application blacklisting

Application blacklisting, sometimes just referred to as blacklisting, is a network administration practice used to prevent the execution of undesirable programs.  Such programs include not only those known to contain security threats or vulnerabilities but also those that are deemed inappropriate within a given organization. Blacklisting is the method used by most antivirus programs, intrusion prevention/detection systems and spam filters.

Application blacklisting, sometimes just referred to as blacklisting, is a network administration practice used to prevent the execution of undesirable programs.  Such programs include not only those known to contain security threats or vulnerabilities but also those that are deemed inappropriate within a given organization. Blacklisting is the method used by most antivirus programs, intrusion prevention/detection systems and spam filters.

Blacklisting works by maintaining a list of applications that are to be denied system access and preventing them from installing or running.  However, because the number, variety and complexity of threats are constantly increasing, a blacklist can never be comprehensive -- and as a result is limited in its effectiveness.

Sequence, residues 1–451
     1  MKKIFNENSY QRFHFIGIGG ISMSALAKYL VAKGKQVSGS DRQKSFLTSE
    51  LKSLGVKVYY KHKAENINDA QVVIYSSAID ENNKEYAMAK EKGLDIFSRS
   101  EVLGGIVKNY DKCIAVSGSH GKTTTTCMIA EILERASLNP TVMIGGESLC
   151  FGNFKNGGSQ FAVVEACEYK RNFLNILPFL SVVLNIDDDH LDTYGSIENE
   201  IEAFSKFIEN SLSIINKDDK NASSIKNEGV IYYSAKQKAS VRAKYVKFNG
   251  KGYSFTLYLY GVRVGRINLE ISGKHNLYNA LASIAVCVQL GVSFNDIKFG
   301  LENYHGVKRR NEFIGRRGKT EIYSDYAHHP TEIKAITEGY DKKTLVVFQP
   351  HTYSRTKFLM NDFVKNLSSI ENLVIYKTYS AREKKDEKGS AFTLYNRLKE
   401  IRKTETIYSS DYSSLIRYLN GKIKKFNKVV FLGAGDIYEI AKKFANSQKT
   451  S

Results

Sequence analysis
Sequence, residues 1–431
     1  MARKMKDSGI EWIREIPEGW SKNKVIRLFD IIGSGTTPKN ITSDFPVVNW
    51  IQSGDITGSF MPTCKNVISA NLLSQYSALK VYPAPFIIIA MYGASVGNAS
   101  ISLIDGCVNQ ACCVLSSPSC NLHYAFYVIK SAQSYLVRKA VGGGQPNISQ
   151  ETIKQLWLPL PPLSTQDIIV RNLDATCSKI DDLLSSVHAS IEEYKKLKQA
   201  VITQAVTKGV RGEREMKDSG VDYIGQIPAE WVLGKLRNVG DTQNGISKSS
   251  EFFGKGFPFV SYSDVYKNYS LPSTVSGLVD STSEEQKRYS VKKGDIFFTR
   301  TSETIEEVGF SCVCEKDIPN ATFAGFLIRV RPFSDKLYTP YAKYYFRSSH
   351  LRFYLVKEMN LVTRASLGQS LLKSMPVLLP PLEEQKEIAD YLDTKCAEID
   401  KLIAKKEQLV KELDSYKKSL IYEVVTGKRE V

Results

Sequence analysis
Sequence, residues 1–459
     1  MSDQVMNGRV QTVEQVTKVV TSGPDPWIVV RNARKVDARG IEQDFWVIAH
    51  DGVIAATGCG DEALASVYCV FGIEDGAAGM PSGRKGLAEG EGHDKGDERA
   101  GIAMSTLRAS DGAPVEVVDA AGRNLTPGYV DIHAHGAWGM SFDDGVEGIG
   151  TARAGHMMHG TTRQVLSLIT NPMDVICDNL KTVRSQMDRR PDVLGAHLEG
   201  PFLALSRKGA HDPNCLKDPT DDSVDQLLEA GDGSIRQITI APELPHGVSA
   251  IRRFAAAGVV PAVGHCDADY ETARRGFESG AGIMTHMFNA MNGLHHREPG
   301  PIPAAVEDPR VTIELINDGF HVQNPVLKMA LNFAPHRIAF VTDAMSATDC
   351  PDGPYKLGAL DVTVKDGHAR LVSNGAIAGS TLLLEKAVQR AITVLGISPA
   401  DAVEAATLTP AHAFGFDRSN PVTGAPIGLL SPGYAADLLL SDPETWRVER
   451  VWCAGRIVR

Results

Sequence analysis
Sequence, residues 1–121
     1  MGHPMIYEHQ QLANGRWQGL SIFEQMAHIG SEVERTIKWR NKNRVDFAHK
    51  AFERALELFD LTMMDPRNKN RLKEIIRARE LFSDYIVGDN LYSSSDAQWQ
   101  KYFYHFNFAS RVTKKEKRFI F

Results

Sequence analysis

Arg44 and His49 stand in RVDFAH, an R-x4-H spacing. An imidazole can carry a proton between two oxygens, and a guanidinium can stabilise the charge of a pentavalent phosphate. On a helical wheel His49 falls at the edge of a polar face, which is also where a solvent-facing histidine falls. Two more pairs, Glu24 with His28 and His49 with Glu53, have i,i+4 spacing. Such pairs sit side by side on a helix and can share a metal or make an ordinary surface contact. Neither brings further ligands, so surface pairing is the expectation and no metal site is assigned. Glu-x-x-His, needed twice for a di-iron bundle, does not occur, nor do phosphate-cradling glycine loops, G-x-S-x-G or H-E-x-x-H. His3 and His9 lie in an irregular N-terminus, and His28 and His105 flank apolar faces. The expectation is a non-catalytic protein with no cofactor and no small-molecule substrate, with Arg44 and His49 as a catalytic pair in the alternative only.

The opposite approach to blacklisting is application whitelisting. In the whitelisting approach, a simple list of authorized applications is maintained. When an application tries to execute, it is automatically checked against the list. If it’s not on the list, it is not permitted to run.  

Some security experts argue that, although whitelisting is a more thorough solution to the problem, it is not practical because of the administrative resources required to create and maintain an effective whitelist. Other experts, however, insist that the blacklisting approach is simply too error-prone to be acceptable.

Marcus Ranum, CSO of Tenable Network Security, explains the folly of blacklisting:

“For a number of years - about twenty - I've been saying that ‘default permit’ security is stupid. Basically, you're adopting the approach that ‘everything is allowed’ and then trying to identify the things that are known to be dangerous, in order to block them. We've seen this approach used in virtually every area of computer security, and it has been a failure every time.”

 

See also: drive-by download, pop-up download, application security, Trojan horse, barnacle, rootkit, malvertisement, spyware, adware, clickjacking, scareware

This was first published in June 2011

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